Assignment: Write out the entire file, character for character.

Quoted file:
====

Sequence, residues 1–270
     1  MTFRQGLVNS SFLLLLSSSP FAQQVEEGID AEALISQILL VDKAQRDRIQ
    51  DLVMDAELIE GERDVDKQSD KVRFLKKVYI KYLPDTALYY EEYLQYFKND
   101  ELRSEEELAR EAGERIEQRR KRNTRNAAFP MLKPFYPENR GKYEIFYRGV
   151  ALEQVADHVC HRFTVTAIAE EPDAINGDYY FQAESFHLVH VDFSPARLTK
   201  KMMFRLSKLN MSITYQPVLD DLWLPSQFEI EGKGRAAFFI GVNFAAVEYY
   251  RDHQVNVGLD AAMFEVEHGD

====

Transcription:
Sequence, residues 1–270
     1  MTFRQGLVNS SFLLLLSSSP FAQQVEEGID AEALISQILL VDKAQRDRIQ
    51  DLVMDAELIE GERDVDKQSD KVRFLKKVYI KYLPDTALYY EEYLQYFKND
   101  ELRSEEELAR EAGERIEQRR KRNTRNAAFP MLKPFYPENR GKYEIFYRGV
   151  ALEQVADHVC HRFTVTAIAE EPDAINGDYY FQAESFHLVH VDFSPARLTK
   201  KMMFRLSKLN MSITYQPVLD DLWLPSQFEI EGKGRAAFFI GVNFAAVEYY
   251  RDHQVNVGLD AAMFEVEHGD